Sunday, November 30, 2014


   The disturbing story of John E. DuPont's relationship with the wrestlers Mark and David Schultz is played out with precision acting by Steve Carell, Channing Tatum, and Mark Ruffalo.

         With the help of a terrific makeup job, Mr. Carell physically transforms himself into Mr. DuPont, capturing his speech patterns and body language perfectly. It is unlike anything he has done before and he is mesmerizing. Not to be overlooked is Channing Tatum as Mark Schultz, the Olympic wrestler who comes to train with Mr. DuPont. While he may seem a simple jock, Mr. Tatum is actually doing the finest acting of his career, capturing all the emotions hidden beneath his musclebound exterior. Initially he sees Mr. DuPont as the father figure he never had but the nature of their relationship takes a drastic turn as the story progresses.

           Mr. Ruffalo, as older brother David Schultz, may not have as much screen time as his co-stars but he makes the most of it. David is crucial to the story and Mr. Ruffalo plays him brilliantly. Sienna Miller has a small supporting role as David's wife as does Vanessa Redgrave as DuPont's elderly mother. The film itself is fascinating in a tabloid sense. It grows darker and more disturbing as goes and since it is based on the true story, you may already know the outcome.

             The music is sparse but there is a haunting theme played repeatedly  and the cinematography is outstanding with beautiful Pennsylvania landscapes. The entertainment value here is not in the plot but rather watching three actors at the top of their game. They are the reason to see this film. There will be nominations all around during awards season.

Monday, November 24, 2014

Force Majeure

            This new foreign drama is an absorbing look a family fractured by one quick decision while on a ski vacation. Tomas and Ebba are staying at a beautiful ski resort high in the Alps with their two small children Vera and Harry. The film is divided into the days of the family vacation and when an unexpected turn of events occurs on the second day, everything changes.

             The acting is excellent as gender and family roles are examined by both Tomas and Ebba as well as their friends who come to visit. The film is very dramatic but their are moments of comic relief that break the growing tension.  

              Impressive cinematography both in the exteriors and inside the resort make for a beautiful backdrop for this very human drama that will easily lend itself to post viewing discussions.

Sunday, November 23, 2014

The Theory of Everything

            The story of the physicist Stephen Hawking has "Oscar" written all over it. Eddie Redmayne and Felicity Jones are both wonderful as Professor Hawking and his first love, Jane. The screenplay focuses solely on their relationship and "sells" the film as a remarkable love story.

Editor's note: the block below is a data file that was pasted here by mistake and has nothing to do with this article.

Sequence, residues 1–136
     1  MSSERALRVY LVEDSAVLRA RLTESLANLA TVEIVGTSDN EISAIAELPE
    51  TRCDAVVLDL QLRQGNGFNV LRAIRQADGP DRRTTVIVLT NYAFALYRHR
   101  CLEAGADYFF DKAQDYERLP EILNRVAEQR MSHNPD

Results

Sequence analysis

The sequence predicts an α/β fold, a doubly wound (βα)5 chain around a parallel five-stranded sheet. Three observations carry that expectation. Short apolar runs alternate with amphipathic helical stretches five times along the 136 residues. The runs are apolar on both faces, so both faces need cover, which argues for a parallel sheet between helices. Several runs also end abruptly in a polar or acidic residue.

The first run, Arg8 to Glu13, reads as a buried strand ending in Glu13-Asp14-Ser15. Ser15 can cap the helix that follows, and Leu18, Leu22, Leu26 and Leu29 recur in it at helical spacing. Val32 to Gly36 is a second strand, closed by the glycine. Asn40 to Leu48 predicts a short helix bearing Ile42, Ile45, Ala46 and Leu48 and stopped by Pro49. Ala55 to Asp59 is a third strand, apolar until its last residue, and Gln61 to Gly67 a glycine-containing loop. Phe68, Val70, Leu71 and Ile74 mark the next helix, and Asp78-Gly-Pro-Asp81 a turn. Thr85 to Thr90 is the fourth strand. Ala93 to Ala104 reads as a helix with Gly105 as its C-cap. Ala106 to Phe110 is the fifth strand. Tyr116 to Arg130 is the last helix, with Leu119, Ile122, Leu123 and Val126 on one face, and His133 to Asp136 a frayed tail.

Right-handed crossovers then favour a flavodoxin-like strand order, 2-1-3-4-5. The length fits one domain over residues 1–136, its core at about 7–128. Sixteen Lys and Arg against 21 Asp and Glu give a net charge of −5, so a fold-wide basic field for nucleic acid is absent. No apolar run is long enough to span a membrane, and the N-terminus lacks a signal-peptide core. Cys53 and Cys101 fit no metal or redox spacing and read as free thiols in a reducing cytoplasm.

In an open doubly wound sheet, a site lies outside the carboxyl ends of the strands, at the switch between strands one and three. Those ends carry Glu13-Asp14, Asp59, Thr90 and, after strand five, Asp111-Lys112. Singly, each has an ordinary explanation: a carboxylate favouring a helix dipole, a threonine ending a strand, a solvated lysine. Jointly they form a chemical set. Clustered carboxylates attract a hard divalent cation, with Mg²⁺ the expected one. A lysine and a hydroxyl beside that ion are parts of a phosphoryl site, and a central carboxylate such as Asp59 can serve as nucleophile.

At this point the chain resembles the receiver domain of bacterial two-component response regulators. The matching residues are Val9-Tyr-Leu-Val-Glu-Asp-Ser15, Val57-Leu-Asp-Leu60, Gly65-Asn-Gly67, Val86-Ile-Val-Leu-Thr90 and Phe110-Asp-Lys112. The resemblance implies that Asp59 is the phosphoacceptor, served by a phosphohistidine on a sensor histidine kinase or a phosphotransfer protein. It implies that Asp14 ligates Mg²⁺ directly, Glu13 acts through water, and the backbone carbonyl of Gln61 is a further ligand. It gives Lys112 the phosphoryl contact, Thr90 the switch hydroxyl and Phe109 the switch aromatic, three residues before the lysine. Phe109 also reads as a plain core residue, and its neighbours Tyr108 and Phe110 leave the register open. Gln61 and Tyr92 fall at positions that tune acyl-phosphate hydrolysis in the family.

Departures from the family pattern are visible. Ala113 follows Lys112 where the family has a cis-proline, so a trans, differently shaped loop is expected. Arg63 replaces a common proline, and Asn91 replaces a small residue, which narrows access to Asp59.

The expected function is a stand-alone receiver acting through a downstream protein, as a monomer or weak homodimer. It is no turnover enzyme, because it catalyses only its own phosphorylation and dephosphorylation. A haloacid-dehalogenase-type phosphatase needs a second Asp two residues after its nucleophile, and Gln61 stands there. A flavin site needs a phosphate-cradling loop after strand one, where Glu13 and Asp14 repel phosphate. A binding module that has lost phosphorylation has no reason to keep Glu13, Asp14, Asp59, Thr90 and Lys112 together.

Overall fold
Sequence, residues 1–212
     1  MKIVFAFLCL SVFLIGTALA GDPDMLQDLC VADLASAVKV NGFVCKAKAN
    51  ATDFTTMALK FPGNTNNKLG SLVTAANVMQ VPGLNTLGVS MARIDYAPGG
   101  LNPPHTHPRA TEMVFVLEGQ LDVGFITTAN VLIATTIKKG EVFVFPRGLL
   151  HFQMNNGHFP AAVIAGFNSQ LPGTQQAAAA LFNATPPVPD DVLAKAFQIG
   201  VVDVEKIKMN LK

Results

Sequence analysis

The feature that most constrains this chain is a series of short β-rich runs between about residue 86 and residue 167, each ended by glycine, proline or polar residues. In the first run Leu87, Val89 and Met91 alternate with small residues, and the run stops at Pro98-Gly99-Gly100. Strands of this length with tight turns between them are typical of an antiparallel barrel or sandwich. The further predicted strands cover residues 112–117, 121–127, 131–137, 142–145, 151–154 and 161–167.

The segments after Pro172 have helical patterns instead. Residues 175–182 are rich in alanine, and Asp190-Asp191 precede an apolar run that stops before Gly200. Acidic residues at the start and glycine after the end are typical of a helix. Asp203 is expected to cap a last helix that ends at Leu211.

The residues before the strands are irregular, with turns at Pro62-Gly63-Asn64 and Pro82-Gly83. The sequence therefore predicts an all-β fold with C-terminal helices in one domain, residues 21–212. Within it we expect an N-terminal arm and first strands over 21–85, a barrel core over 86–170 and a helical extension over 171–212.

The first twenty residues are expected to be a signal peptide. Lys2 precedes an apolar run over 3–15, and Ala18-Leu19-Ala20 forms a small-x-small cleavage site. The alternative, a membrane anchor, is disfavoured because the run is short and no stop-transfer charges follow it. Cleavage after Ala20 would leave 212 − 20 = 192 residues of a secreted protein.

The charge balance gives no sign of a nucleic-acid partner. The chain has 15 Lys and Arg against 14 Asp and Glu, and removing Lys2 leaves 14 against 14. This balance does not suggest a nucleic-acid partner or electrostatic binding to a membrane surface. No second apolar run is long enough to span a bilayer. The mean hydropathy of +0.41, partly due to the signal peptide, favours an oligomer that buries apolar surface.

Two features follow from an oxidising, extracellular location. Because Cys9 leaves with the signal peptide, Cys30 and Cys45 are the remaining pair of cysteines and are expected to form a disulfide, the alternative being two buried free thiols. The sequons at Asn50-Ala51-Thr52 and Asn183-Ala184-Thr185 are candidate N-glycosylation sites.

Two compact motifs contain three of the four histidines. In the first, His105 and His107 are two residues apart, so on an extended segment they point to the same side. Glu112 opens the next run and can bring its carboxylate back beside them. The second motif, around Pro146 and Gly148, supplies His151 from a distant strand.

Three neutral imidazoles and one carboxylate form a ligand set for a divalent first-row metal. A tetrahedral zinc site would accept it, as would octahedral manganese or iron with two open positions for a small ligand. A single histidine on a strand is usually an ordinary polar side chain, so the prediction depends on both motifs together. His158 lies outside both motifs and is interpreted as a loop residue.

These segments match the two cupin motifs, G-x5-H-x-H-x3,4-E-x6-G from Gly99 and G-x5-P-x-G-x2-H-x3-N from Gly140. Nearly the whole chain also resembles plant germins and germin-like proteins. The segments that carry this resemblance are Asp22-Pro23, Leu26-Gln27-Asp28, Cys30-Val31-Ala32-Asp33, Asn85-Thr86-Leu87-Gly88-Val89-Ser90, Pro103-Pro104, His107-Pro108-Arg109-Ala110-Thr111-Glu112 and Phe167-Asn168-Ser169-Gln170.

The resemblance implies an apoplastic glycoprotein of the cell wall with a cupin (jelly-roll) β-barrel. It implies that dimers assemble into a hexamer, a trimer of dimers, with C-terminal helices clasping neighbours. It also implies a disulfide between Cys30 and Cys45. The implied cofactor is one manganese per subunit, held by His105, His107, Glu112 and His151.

When they first meet in college, Hawking shows no signs of the the disease that will end up crippling him for life. He is a brilliant student with a sharp wit and Jane falls rather easily in love. When he is diagnosed with ALS, Jane's love is so strong, she stands by her man, marries him and promises to fight the disease together. 

              While the love story is touching and very emotional, the film itself is very episodic and doesn't go into great detail about Hawking's medical condition or his work. The fact that when he is first diagnosed in his twenties, given two years to live, and yet is still with us in his seventies is remarkable. The film would have you believe it is Jane's love alone that keeps him alive. There is no mention of anything medical except for a hospital stay when he develops pneumonia. 

              Mr. Redmayne physical transformation as Hawking's body continues to fail him is amazing. He captures every nuance in the loss of his limbs and speech and yet still conveys the brilliance and wit of the man trapped in a deteriorating body. It's a performance so good, it hides the deficiencies in the screenplay. After such an emotional story, the turn of events in the last act are a betrayal to the audience as well as to the characters. Unfortunately its a true story so the events are real but we can only speculate on the reasons behind them. A coda at the end softens the blow but for film about "everything", too much was left out.

Sunday, November 16, 2014


     Jake Gyllenhaal stars as this year's creepiest character. A cross between Travis Bickle (Taxi Driver) and Rupert  Pupkin (The King of Comedy), he slithers his way through the LA nights as a "photo journalist" looking for the bloodiest accidents and crime scenes he can find to sell to the local TV station. A true "nightcrawler".

         His character, Louis Bloom is introduced to us as a petty thief. Through a series of events, he soon finds himself, video camera by his side, racing through the night with his police scanner announcing his next big payoff. Louis is a sociopath and it's what makes him so good at his new found profession. He hires an "intern" played by Riz Ahmed, promising him a good job review with a promotion and a raise. Mr. Ahmed plays dimwitted beautifully and his character is both tragic and comic relief.

           Rene Russo (so good to see her on screen again) plays the midnight shift news director who buys Lou's videos (if it bleeds, it leads).  In many ways, they are perfect for each other and the chemistry between the actors is terrific. Bill Paxton also co-stars as a rival nightcrawler.